Darkness is a methodical, brooding ghost story from the Czech Republic. In the vein of Del Toro’s The Devil’s Backbone, it is a dark and spooky trip through the mind of someone who may or may not be mentally unbalanced. This keeps the viewer unbalanced as well since we don’t know if the mysterious goings-on are ghostly or the workings of an insane mind.
Marek (Ivan Franek) is in a popular rock and roll band, but years of constant travel, drugs and booze have worn him out. He decides to take a break to work on his latest passion, painting. He travels to his childhood home, vacated since his parents died in a tragic car accident and he and his sister were split up with his sister being committed to an asylum while Marek entered the foster care system. While he was so small as to have very few memories of the townsfolk, they certainly remember him and the tragedy his family brought to their sleepy village.
But as Marek begins to paint, strange things begin to occur. At first, these occurrences can be attributed to an old, run-down house. But as Marek begins to have nightmares and his childhood memories slowly start to come back, the weird happenings increase both in frequency and violence. Drinking heavily and abusing hard drugs, it becomes difficult for Marek to distinguish between fantasy and reality and answers come very slowly for him. For instance, why does the radio turn off and on of its own volition and why does only one old children’s song play? What would be enough strange occurrences for a normal person to decide to leave is merely confusing for someone in Marek’s state.
But when a groupie tracks Marek down and disappears after a night of partying and sex, Marek begins to wake up to the mysterious occurrences taking place around him. With the help of a childhood playmate, Lucie (Lenka Krobotova’), and the local librarian/historian, Marek begins to put the puzzle pieces together. The plot becomes a bit convoluted as secret black magic rituals, Nazi murders in the house during WWII, and a history of mental illness are tied together, but the story kept me interested all the way through.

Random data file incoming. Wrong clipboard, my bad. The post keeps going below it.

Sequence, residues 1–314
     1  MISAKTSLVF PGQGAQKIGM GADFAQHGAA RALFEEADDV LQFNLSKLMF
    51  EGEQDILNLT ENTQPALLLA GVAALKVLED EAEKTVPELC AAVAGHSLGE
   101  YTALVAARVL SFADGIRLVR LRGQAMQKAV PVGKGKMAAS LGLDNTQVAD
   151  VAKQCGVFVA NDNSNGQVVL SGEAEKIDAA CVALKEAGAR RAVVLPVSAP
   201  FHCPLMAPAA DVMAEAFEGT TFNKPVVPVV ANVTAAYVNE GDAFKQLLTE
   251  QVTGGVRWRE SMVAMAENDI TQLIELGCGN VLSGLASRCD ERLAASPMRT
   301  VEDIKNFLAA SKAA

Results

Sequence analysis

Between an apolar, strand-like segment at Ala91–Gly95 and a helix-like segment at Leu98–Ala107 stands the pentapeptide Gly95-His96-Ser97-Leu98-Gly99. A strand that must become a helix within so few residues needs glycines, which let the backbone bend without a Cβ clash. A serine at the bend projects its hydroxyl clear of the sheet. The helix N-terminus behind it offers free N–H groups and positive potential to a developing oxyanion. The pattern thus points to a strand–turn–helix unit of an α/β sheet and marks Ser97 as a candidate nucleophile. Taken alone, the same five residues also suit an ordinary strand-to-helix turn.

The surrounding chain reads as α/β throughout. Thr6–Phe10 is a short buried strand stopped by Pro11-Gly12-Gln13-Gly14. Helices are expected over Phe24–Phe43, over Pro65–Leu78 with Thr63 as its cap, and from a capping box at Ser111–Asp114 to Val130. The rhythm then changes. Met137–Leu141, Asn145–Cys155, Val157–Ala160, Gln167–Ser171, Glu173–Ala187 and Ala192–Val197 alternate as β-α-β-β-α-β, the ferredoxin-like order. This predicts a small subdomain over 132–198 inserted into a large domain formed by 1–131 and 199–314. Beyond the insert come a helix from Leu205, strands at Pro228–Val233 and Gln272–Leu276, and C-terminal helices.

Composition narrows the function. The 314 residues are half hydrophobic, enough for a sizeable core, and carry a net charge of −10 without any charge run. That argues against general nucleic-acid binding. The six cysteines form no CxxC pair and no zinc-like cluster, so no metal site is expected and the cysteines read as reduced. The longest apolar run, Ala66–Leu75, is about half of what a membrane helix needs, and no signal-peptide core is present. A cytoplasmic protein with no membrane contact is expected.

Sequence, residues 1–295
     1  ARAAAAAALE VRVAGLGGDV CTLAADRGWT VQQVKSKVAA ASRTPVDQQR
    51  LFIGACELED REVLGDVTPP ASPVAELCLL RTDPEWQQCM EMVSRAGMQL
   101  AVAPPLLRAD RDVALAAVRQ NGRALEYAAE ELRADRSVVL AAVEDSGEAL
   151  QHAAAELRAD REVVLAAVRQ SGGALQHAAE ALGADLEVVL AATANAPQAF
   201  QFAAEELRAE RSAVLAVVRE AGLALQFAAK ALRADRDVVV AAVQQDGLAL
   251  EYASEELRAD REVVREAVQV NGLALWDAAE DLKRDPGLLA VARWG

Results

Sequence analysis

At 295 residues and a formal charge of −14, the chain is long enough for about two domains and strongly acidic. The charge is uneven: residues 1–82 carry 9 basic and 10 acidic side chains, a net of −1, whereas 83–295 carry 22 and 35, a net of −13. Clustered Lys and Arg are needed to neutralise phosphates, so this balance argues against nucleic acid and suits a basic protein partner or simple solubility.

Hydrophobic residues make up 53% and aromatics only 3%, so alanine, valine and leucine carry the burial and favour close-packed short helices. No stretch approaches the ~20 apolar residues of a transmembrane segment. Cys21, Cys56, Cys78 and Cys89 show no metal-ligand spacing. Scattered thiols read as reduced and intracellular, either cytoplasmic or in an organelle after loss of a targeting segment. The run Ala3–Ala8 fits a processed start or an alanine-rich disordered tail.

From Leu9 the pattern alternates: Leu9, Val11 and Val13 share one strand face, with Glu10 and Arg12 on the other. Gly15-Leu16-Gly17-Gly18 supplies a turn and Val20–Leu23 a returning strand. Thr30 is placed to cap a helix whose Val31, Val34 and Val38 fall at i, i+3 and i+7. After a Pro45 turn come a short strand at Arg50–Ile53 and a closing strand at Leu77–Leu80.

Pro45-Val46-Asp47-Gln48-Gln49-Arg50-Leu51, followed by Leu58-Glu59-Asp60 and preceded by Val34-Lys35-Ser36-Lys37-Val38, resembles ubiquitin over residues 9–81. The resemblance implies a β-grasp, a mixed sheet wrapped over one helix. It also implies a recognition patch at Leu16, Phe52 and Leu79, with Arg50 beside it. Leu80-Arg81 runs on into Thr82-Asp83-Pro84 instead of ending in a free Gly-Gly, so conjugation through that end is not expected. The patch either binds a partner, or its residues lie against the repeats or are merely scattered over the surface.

In the end, the viewer must decide whether the ghosts are real or imagined and it is up to the viewer to interpret the closing scene. I have always liked an open-ended film, one in which the viewer has a chance to determine how he or she sees the film, so I enjoyed the ending.
Released through Vicious Circle Films, Darkness isn’t nearly as violent as previous VC films and would probably only garner an R rating if it were submitted to the MPAA (as it stands, they have chosen to release it without a rating). There is one scene that is pretty gruesome, but overall, the director goes for atmosphere instead of gross-out effects.
While the film has a dark, creepy atmosphere–made all the more so by the overcast and rainy Czech landscape and ancient, decrepit house that serves as the main set–there are also several scenes that are a bit dark physically, which made it difficult to see who was on screen and what was happening. I’m not sure if that was an artistic choice or if the film needs to be recolored, but it’s a minor quibble and didn’t really impede my overall enjoyment of the film. As I said before, there is a lot going on with the script and the plot gets a bit convoluted during the middle section of the film. I think it would have been a bit better had the script focused on one reason for the haunting, but director Juraj Herz does a good job of keeping it all interesting enough to keep the viewer watching until the end and he also does a good job of tying it all together.
If you aren’t a fan of Vicious Circle’s films because of the typically extreme subject matter, I encourage you to try this one as it is much more atmospheric and much less violent than Vicious Circle’s other films. Some fans may be disappointed with this release, but if you enjoy a good ghost story–especially some of the films that have been coming out of Spain the last decade like The Devil’s Backbone or The Orphanage, then you may like this film as well.